Which type of massage is best for runners?
It’s not surprising that runners get confused about what type of massage would benefit them most. Depending on where you look, there are over 30 different types of massage identified on the internet. Of course, some of these styles are obviously not specifically beneficial to athletes, but runners can go beyond the typical “sports massage” to get results. The following are the four most beneficial types of massages for runners:
Active Release Technique
Active Release Technique, commonly known as A.R.T., is massage technique that combines movement with specific, deep pressure to help relieve muscle adhesions and reduce scar tissue buildup.
During an A.R.T session, the therapist uses his or her hands to evaluate the texture, tightness and mobility of the soft tissue and then works to break up these adhesions with their hands, as well as movement of the muscle.
Swedish massage is perhaps the most well known of the common massage modalities and is often associated with relaxation and pampering. However, Swedish massage can also benefit runners, especially before big competitions.
Swedish massage utilizes long, flowing strokes of various pressure, although usually light, to release muscle tension and increase blood flow.
Swedish massage is best used in the days before big competitions or as a recovery tool after hard workouts. The lighter, relaxing strokes help relieve stress and muscle tension without damaging the muscles, which is important if you have a big race on the horizon. A Swedish massage before a race, especially if you’re coming off a hard week of training, can help you reenergize, relax, and get your legs back under you.
Trigger point therapy is a massage modality that targets muscle knots and areas of referred pain in the muscle tissue. Therapists target and find knots in the muscles or areas of referred pain and use deep pressure to help loosen the adhesions.
Like A.R.T., trigger point therapy is best used to treat injuries. Specifically, trigger point therapy is effective in the treatment of IT band tightness, calf strains, and hamstring injuries.
Deep Tissue Massage
Most runners are familiar with deep tissue massage, which is often confused with deep pressure (e.g., when you tell the therapist to “go harder”). Deep tissue massage targets both the superficial and deep layers of muscles and fascia and are often quite intense as a result of the deliberate, focused work.
Deep tissue massages typically focus on a few specific problem areas and, unlike trigger point therapy, work the entire muscle. Because runners often have tight spots and interconnected issues when volume and intensity are high, deep tissue massage is often the modality of choice during hard training segments.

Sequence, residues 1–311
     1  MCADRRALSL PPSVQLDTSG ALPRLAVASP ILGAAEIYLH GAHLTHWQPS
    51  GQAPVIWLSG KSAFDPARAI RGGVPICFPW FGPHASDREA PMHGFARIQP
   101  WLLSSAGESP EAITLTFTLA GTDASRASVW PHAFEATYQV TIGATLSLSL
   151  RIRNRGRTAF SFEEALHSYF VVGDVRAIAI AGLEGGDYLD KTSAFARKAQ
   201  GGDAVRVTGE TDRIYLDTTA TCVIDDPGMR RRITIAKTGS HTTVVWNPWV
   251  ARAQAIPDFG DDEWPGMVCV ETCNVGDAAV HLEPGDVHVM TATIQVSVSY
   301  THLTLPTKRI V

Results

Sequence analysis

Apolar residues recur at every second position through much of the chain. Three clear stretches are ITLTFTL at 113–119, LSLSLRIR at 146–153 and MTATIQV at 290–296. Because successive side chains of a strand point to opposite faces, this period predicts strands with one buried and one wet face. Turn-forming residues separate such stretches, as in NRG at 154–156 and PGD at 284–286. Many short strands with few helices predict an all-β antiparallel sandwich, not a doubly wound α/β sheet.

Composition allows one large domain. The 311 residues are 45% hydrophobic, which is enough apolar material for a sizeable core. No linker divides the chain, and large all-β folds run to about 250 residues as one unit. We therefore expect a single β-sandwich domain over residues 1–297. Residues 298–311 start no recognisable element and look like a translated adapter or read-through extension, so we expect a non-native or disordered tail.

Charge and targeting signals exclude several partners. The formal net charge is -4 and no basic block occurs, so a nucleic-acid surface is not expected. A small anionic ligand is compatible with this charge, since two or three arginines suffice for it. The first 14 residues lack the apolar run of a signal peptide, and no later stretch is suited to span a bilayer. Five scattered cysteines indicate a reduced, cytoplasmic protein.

Sure, it can help you relax. But massage therapy can do more than that. Here are six healthy reasons to book an appointment:
It Counteracts All That Sitting You DoMost individuals are dealing with some kind of postural stress. More often than not [that stress] tends to manifest in the shoulders and neck.
Desk workers, beware. More advanced forms of postural stress show up as pain or weakness in the low back and gluteals caused by prolonged periods of sitting.
Luckily, massage can counteract the imbalance caused from sitting, which means you can keep your desk job—as long as you schedule a regular massage.It Eases Muscle PainGot sore muscles? Massage therapy can help. Massage increases and improves circulation, in much the same way rubbing your elbow when you knock it on a table helps to relieve the pain.A 2011 study published in the Annals of Internal Medicine, found that massage therapy is as effective as other methods of treatment for chronic pain.It Soothes Anxiety And DepressionHuman touch, in a context that is safe, friendly and professional, can be incredibly therapeutic and relaxing.
Women diagnosed with breast cancer who received massage therapy three times a week reported being less depressed and less angry, according to a 2005 study published in the International Journal of Neuroscience.And, a study published in the Journal of the American of Child and Adolescent Psychiatry, found that patients who were depressed and anxious were much more relaxed and happy, and had reduced stress levels after massage.
It Improves Sleep
Not only can massage encourage a restful sleep – it also helps those who can’t otherwise comfortable rest.
Massage promotes relaxation and sleep in those undergoing chemo or radiation therapy.
Also, if you’re a new parent, you’ll be happy to know it can help infants sleep more, cry less and be less stressed, according to research from the University of Warwick.
It Boosts Immunity
A 2010 study published in the Journal of Alternative and Complementary Medicine found that massage boosts patients’ white blood cell count (which plays a large role in defending the body from disease).
It Relieves Headaches
Next time a headache hits, try booking a last-minute massage. Massage can help decrease frequency and severity of tension headaches.
Research from the Granada University in Spain found that a single session of massage therapy has a immediate effect on perceived pain in the patients with chronic tension headaches.